# Infinite square well bound states

For an infinite square well, beyond the walls ( including them ) are infinite potentials and the wavefunctions have to be zero when they hit the walls because of these boundary conditions. For such a case, how do you say whether the stationary states are bounded or not? In fact my confusion springs from the fact that when we solve the Schrodinger's equation we take

$$k = \sqrt{\frac{2mE}{\hbar^2}},$$

which automatically assumes $E \geq 0$ which I thought was the condition for scattering states. However it doesn't make sense to have scattering states for this case physically. So what is going on?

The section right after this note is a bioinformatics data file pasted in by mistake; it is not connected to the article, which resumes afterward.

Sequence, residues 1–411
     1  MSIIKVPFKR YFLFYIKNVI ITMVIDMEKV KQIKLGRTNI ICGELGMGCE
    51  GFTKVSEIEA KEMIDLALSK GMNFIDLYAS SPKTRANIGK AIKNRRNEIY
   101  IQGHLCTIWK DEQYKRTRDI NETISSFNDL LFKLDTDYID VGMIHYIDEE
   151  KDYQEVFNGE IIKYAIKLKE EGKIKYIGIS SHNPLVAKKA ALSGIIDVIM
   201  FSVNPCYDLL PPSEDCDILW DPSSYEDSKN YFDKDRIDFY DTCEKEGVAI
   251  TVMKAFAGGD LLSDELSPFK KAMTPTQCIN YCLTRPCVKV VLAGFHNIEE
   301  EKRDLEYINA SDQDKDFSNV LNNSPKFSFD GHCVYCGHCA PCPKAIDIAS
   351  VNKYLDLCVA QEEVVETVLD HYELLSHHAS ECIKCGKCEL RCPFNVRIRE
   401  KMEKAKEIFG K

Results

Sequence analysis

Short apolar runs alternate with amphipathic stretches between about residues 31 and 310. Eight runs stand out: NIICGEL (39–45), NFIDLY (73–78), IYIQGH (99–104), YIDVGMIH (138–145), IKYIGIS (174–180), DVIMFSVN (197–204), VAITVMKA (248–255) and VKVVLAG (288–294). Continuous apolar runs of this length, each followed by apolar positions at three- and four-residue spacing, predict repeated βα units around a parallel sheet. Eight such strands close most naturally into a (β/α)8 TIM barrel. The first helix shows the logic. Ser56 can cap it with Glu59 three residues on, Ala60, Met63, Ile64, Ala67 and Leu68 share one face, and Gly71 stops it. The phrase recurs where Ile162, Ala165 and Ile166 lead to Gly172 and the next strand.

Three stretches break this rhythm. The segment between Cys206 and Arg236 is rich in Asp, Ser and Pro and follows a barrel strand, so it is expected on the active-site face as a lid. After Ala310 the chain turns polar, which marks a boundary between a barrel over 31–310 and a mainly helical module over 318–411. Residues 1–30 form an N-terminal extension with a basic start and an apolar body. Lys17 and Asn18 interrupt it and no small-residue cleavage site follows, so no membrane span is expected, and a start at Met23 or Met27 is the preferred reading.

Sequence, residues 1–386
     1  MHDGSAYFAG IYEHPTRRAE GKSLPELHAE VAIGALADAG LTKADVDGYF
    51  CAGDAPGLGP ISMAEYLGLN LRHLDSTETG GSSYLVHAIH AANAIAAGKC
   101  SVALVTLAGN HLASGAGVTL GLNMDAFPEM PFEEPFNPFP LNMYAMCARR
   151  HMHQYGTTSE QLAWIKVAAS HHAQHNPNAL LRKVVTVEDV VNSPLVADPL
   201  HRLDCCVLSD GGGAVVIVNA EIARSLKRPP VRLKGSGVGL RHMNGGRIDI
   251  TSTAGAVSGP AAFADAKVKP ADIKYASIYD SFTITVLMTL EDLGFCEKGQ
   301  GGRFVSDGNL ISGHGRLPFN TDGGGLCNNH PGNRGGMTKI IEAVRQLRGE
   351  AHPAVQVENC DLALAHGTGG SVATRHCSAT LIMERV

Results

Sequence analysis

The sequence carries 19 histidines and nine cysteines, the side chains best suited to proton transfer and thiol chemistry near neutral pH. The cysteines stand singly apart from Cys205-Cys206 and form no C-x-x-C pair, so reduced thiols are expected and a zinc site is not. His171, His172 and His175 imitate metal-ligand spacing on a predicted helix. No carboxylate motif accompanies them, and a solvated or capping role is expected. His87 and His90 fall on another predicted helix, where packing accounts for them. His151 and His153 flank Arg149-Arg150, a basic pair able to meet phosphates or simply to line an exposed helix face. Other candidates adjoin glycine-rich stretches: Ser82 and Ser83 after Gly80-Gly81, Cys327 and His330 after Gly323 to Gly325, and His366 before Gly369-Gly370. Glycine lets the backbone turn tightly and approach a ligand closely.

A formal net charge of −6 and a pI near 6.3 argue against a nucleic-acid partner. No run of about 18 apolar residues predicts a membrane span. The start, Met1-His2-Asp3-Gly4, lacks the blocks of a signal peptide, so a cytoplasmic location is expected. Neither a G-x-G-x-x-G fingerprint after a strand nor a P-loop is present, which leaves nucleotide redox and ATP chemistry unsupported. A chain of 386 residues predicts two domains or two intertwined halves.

## 1 Answer

For the infinite square well all stationary states are bound states. Keep in mind that all wave functions $\psi(x)$ in position space are limited to the invervall $x \in (-L/2, L/2)$. They are bound to this region of space. Your condition for scattering states is only exact for potentials that that go to $0$ (or some $c \in \mathbb{R}$). for $x \rightarrow \infty$. The more general condition is therefore \begin{align} \text{Bound state: } E &< min \left(\lim_{x \to \, -\infty} V(x),\lim_{x \to \infty} V(x) \right)\\ \end{align}

The 1d harmonic oszillator with energies $E_n = \hbar \omega ( n + 1/2)$ fullfils this condition as well, as all states are bound states. This is further discussed here.

• Ohh thanks. Just wanted to verify the definition of scattering states. Makes a lot more sense. – Astronomer May 30 '18 at 14:43